It’s finally here! The very last season of AMC’s hit horror opus The Walking Dead is coming in for a landing and we’re already neck-deep in rank offal. It’s mind-blowing to think about how this ultra-gory television show about zombies of all things began relatively unassumingly all the way back in 2010. So much has changed since then. I bought a house. I had a kid. Hell, I survived a pandemic (knock on wood) which felt kind of like a zombie plague. And all the while, Rick and Carl, Daryl and Carol, Maggie and Michonne, and so many other characters slogged on for better and for worse, braining walkers and arguing with each other over how best to survive the apocalypse, themselves. And while I’ve bemoaned the quality of the series over the course of its later years—and rightfully so—I’m not too proud to admit that I’ll be a little sad and a bit lost after it’s over….
The show’s currently bloated footprint on AMC includes four separate series and multiple movies. That, combined with Covid-induced production delays, means that this season, like the last one, is going to roll out a bit differently than most seasons past. Instead of 16 episodes broken into two eight-episode chunks and separated by a hiatus, this season will deliver 24 episodes in three eight-episode chunks ending in late 2022. So, if you were wondering why we’ve abandoned our “Midterm Report Card” titling conceit, that’s why. And now that the first eight episodes of The Walking Dead’s final season are in the books and the end is nigh, we can jump in.
When we left off, Maggie (Lauren Cohan) had returned to Alexandria from Meridian – a settlement she’d started and had led until it was taken by a hostile group of survivors known as the Reapers. Alexandria’s resources were badly depleted after its de facto sister settlement Hilltop was raised by fires started by The Whisperers. Meanwhile, Eugene (Josh McDermitt), Ezekiel (Khary Payton), Yumiko (Eleanor Matsuura) and Princess (Paola Lázaro) were being held captive inside boxcars at a mysterious settlement that seems to have many of the creature comforts and technology from the “Before times.”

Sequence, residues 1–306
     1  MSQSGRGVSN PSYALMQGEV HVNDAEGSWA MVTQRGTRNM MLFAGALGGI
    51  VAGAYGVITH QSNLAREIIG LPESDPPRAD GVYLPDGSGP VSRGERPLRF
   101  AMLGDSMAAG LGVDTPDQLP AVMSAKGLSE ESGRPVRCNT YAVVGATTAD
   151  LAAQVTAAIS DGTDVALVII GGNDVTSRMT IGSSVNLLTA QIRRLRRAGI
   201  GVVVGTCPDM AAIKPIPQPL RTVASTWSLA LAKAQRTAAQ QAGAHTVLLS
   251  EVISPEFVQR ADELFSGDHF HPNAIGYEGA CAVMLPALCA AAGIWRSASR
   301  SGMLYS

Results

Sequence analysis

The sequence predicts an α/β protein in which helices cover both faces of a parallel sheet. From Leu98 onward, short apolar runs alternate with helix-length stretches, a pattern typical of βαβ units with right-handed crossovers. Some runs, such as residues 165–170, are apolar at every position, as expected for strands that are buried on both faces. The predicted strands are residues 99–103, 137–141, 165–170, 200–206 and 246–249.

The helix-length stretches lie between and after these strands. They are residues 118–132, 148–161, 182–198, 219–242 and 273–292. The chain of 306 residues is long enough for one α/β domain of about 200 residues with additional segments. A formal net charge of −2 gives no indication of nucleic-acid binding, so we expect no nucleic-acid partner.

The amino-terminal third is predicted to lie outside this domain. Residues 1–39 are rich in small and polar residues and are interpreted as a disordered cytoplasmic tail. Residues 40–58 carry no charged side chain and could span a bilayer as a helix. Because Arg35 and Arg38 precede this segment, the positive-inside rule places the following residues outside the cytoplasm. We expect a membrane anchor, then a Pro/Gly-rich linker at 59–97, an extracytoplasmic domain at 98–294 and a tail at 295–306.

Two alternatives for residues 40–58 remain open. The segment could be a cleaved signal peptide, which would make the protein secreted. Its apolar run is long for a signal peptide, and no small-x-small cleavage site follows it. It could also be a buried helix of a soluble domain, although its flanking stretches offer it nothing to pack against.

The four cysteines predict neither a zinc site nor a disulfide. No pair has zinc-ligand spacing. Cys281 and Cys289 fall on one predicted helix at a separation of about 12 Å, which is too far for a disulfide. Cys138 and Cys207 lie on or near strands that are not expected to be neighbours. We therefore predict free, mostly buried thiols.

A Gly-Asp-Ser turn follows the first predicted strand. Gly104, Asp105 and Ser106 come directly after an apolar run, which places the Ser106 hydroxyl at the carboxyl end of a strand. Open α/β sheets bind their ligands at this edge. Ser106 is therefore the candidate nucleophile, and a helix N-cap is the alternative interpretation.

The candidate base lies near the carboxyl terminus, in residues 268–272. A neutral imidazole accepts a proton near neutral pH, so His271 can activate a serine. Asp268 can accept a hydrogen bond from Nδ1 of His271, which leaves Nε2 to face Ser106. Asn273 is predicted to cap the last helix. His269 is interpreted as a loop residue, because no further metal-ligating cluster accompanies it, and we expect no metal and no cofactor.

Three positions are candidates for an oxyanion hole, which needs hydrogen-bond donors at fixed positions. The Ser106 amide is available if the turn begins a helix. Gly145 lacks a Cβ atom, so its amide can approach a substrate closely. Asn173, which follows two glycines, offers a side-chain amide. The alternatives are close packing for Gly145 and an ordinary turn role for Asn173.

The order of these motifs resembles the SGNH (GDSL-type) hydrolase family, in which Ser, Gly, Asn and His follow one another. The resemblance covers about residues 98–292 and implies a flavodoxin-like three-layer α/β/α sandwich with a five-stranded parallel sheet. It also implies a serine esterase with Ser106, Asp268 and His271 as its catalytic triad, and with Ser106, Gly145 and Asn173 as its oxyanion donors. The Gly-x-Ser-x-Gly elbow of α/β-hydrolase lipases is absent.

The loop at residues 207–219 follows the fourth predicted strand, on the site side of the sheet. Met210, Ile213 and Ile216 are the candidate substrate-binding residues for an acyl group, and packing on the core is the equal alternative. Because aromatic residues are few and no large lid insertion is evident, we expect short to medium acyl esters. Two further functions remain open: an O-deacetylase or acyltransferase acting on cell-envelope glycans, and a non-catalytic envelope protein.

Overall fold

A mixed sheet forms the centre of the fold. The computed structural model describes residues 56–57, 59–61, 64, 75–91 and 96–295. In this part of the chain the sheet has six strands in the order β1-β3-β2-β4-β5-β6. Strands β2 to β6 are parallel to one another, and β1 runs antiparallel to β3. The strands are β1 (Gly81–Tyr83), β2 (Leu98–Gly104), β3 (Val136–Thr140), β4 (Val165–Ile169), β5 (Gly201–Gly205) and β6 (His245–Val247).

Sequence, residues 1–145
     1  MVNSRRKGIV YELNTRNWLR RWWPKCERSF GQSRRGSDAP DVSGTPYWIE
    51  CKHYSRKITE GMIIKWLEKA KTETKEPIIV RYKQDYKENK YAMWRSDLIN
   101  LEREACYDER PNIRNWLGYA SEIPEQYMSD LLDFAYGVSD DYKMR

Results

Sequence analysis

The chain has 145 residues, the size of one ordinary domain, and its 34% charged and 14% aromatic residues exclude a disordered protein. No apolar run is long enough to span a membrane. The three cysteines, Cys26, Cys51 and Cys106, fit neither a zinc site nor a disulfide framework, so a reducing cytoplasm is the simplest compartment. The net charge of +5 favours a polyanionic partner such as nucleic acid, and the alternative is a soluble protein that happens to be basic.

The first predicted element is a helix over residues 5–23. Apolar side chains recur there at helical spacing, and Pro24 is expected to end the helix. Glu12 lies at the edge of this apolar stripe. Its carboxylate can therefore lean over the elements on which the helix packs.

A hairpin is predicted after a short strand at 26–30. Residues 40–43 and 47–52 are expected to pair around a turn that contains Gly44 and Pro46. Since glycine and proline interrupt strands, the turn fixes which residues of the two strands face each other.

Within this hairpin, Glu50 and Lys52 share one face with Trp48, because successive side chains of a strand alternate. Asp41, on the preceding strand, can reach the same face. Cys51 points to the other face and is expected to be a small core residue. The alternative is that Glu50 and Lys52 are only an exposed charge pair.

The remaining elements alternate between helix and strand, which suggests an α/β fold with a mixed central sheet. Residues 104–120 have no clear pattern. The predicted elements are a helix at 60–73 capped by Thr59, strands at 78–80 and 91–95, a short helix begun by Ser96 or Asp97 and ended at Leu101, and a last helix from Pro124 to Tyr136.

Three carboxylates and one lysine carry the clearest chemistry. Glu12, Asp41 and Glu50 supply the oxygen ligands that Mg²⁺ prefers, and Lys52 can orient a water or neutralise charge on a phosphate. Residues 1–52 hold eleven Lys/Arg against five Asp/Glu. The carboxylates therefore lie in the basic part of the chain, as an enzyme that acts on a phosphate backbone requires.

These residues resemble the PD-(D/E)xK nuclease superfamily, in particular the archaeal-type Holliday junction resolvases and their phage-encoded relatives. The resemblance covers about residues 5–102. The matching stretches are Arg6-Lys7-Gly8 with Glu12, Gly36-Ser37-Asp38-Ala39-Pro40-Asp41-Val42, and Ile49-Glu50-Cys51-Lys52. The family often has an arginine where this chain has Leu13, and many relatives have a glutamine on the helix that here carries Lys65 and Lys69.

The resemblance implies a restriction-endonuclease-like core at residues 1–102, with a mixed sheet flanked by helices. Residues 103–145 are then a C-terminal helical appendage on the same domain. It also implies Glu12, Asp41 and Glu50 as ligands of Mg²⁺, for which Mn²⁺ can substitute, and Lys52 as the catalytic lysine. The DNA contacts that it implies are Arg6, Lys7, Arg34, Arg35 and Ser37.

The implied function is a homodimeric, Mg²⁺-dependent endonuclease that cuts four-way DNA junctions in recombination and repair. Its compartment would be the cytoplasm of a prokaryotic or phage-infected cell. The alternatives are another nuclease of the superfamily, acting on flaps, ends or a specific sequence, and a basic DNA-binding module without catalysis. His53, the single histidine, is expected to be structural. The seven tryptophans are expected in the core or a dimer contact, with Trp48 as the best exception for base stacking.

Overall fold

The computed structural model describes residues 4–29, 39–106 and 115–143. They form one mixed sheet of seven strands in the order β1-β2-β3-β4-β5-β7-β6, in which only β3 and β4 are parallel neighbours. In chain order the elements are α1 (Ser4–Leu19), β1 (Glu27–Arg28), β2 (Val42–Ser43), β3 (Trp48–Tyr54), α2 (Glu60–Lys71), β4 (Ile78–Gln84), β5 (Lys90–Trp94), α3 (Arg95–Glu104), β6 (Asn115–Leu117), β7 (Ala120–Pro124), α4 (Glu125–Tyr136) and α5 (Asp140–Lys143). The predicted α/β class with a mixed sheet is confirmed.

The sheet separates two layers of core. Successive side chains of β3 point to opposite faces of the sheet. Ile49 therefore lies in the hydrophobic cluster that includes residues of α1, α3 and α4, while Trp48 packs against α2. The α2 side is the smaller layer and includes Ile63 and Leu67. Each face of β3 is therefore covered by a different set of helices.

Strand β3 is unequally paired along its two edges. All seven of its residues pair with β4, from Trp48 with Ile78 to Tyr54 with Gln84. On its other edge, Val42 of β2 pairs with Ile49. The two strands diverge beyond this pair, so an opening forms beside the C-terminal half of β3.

As season 11 begins, food is in even shorter supply at Alexandria. As a result, Maggie leads a team back to Meridian to commandeer the food stores left behind there. Her group includes Daryl (Norman Reedus), Gabriel (Seth Gilliam), Alden (Callan McAuliffe), and of course Negan (Jeffrey Dean Morgan) – the man who brutally and needlessly murdered Maggie’s late husband Glenn in front of her so many years ago.
It’s not long before they’re ambushed by the Reapers, killing Cole and Duncan who had travelled with Maggie from Meridian, wounding Alden, and separating Daryl and Dog from the others. Inevitably, Maggie’s left to complete the next leg of the mission alongside only her hated nemesis Negan. Eventually the pair are rejoined by Gabriel and Elijah (Okea Eme-Akwari), and Negan teaches Maggie the way of the Whisperers so that together they can dress up in gross zombie-skin outfits and lead a herd of Walkers into Meridian.
After Daryl gets captured by the Reapers, he learns that his former lover Leah (Lynn Collins)—from last season’s filler episode explaining how Daryl ended up with Dog—is one of them. She convinces Daryl to ingratiate himself to their leader, Pope (Ritchie Coster)—a veteran of the war in Afghanistan and a cruel, angry man. Daryl agrees, while also secretly using the opportunity to be a mole for Maggie and the others.
This mission to retrieve food serves up three of the major subplots of the season: Maggie vs Negan, Maggie vs the Reapers, and Daryl vs the Reapers.
Elsewhere, as Eugene, Ezekiel, Yumiko and Princess are being processed and debriefed by a combination of soldiers and bureaucrats, we learn that the Commonwealth is a large network of settlements containing tens of thousands of survivors and led by some form of new government. Here we meet Stephanie (Chelle Ramos), Eugene’s radio fling from last season, and the inspiration for his and his group’s trek to West Virginia.
As our heroes navigate through processing at the Commonwealth settlement, they vacillate between being in their captors’ good graces and being punished for violations that they—and we—don’t really understand yet. And this comprises the other major track of the season: Just what the hell is the Commonwealth, exactly?
The Commonwealth and Meridian stories culminate separately in this eight-episode segment’s penultimate episode and finale, respectively (episodes seven and eight). We leave our pals in the Commonwealth right after a Rube Goldberg Machine of coincidences has Eugene punching the Governor’s son in the face. What governor, you ask? Stay tuned. While Eugene is imprisoned, he’s offered his freedom in exchange for giving up the location of Alexandria. Uh-oh.
And what of Alexandria this whole time?